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"Listen All Around: The Golden Age of Central and East African Music"

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cover imageThere are a number of great labels unearthing and breathing new life into forgotten treasures these days, but it is truly rare for anyone to match Dust-to-Digital when it comes to presentation and sheer comprehensiveness.  Each major release feels like an event years in the making, certain to send at least one circle of obsessive music fans scavenging for additional extant releases from an eclectic array of previously unknown or obscure artists.  This latest opus is an especially big hit with me, collecting a remastered trove of '50s East and Central African rumba recordings by South African/English musicologist Hugh Tracey.  I had no doubt that these recordings would be unique and historically important, but I was legitimately blindsided by how incredibly fun these songs can be, often resembling a raucous, inebriated, and Latin-tinged street party where everyone knows all the words to every song and nearly everyone seems to have inexplicably brought along a kazoo.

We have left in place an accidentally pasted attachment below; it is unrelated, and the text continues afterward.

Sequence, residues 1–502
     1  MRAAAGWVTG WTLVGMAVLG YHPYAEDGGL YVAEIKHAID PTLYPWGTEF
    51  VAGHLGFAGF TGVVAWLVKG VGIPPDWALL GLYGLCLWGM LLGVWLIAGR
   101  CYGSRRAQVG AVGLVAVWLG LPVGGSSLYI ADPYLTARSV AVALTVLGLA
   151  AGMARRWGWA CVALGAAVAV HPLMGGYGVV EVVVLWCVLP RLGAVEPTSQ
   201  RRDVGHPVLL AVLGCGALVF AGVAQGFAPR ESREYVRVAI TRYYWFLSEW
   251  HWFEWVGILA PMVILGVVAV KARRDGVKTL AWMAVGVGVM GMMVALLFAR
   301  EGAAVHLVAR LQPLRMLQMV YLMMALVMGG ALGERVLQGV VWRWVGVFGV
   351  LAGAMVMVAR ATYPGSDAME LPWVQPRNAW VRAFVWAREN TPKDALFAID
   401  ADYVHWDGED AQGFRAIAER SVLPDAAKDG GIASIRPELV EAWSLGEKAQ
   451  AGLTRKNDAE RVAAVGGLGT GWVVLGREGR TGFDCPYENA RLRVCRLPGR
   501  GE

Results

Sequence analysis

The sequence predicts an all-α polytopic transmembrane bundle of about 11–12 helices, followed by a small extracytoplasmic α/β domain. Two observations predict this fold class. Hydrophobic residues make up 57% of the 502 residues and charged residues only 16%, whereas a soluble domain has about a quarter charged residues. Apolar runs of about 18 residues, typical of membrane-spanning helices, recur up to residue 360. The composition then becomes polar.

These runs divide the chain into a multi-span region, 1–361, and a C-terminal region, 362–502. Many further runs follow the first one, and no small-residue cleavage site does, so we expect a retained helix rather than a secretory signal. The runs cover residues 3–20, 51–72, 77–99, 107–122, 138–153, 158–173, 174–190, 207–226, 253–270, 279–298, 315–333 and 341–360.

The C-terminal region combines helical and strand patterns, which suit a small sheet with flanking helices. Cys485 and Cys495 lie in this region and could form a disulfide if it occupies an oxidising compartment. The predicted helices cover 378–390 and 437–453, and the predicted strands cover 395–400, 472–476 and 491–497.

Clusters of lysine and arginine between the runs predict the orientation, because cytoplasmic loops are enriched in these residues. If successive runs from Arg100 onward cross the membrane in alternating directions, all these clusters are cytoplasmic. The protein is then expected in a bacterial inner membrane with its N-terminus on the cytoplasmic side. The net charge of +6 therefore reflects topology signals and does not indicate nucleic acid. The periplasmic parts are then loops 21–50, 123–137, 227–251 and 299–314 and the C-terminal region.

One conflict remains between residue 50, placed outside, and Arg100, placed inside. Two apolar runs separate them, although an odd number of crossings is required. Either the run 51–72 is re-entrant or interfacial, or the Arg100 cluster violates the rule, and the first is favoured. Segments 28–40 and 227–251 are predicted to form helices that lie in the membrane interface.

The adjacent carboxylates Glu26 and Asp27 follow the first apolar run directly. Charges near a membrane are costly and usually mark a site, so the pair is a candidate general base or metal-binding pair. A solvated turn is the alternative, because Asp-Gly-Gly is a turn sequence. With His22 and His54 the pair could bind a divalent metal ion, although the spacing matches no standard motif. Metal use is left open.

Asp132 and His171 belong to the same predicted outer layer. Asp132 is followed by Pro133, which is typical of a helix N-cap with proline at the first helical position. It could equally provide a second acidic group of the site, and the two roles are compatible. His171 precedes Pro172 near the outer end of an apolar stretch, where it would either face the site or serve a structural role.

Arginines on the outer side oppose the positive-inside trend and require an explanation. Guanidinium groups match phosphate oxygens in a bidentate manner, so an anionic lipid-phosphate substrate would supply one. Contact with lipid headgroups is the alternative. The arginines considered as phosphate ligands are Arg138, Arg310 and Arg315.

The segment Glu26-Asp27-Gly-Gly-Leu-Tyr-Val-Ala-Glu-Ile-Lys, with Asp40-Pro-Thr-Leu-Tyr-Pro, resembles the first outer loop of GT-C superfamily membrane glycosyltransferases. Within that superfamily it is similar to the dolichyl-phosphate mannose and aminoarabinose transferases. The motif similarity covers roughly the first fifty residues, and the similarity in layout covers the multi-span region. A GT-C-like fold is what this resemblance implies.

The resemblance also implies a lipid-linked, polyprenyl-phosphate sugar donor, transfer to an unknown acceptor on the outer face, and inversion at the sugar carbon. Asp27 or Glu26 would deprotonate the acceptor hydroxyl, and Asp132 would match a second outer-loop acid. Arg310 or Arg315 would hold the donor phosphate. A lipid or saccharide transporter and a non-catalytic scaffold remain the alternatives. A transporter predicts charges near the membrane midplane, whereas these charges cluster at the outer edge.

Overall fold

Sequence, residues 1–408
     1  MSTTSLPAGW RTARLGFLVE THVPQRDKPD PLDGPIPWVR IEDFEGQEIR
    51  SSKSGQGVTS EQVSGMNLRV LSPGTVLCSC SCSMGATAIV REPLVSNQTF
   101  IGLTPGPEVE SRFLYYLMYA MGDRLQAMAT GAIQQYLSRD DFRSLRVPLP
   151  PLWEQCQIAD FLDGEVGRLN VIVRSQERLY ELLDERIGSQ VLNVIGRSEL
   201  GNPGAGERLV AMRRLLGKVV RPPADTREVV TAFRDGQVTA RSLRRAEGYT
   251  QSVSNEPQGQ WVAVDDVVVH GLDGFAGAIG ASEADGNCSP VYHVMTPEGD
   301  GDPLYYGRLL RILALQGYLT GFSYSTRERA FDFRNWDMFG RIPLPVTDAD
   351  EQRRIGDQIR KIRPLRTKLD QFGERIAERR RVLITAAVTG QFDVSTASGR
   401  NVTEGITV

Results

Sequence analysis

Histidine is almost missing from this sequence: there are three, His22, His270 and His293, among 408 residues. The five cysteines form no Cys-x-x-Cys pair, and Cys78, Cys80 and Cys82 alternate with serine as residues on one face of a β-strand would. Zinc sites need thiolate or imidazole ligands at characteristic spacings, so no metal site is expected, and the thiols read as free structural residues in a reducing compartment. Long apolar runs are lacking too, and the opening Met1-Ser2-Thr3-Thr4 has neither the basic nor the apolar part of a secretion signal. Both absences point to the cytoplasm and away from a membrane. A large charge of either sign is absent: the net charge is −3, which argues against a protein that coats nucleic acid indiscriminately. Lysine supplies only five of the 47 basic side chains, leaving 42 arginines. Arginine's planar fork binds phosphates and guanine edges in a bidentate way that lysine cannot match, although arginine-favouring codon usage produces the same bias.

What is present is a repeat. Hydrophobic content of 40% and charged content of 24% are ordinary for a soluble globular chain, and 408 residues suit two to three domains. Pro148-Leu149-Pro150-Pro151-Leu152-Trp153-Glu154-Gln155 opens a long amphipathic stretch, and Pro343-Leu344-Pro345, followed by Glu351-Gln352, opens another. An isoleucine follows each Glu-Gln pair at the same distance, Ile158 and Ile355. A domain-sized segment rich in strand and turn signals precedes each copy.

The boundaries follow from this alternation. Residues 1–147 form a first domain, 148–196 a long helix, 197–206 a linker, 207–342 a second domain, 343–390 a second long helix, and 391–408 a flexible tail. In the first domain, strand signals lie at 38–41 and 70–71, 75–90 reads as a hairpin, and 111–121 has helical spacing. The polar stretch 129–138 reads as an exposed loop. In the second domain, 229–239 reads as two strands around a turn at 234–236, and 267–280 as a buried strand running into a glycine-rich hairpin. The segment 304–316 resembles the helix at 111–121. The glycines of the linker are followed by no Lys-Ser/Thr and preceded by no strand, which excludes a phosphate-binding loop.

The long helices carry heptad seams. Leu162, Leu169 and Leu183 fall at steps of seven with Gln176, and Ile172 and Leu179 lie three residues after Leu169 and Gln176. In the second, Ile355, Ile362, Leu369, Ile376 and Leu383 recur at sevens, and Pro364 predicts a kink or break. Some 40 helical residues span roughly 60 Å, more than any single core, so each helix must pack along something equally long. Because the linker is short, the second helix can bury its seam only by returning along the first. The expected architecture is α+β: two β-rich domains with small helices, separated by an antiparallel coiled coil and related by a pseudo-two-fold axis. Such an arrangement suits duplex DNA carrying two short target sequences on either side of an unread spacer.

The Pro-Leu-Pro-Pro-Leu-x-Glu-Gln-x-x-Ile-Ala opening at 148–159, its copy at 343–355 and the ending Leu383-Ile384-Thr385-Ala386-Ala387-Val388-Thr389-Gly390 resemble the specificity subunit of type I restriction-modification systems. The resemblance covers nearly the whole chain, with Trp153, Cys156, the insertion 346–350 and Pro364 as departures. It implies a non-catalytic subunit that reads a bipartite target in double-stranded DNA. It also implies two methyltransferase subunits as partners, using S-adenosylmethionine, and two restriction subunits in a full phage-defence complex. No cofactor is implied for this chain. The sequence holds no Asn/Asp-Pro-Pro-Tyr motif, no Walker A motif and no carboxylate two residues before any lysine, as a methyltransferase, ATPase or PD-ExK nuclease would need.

Few, if any, Westerners can claim to have done as much to bring African music to the world as Hugh Tracey, as he founded the International Library of African Music (ILAM) and made twelve separate treks into sub-Saharan Africa to collect instruments and record local musicians.  Based on the recollections of his wife Peggy in the accompanying booklet, these trips were often far from pleasant, as the bad roads, rugged accommodations, car breakdowns, and illnesses inherent in such an endeavor made it quite hard to enlist a willing team.  Also, people were not exactly clamoring to join the Traceys in the first place, as being so far ahead of the curve was a lonely life: having an intense passion for African music in the early '50s branded Hugh as a "crank" or a "dreamer" in most respectable circles.  Amusingly, he also later took flak from the other side, as more "serious" ethnomusicologists took issue with some of his recording/editing preferences and his "staging" of traditional performances.  According to Peggy, the "jackals" from the record company (Gallo) also pressured Tracey to focus on the more marketable "town" or popular music scenes, whereas he was much more interested in indigenous/traditional fare.  It would probably break Hugh's heart a bit to see that so much "town" music wound up on this collection, but the jackals were surprisingly prescient, as that buoyant mélange of styles has aged remarkably well.  I am completely out of my depth in trying to identify and follow the various improbable threads that found their way into these songs, but the most prominent influences to my ears tend to be Latin American and Caribbean in nature, though Hawaiian, Indian, and Arab influences are sneakily rampant as well.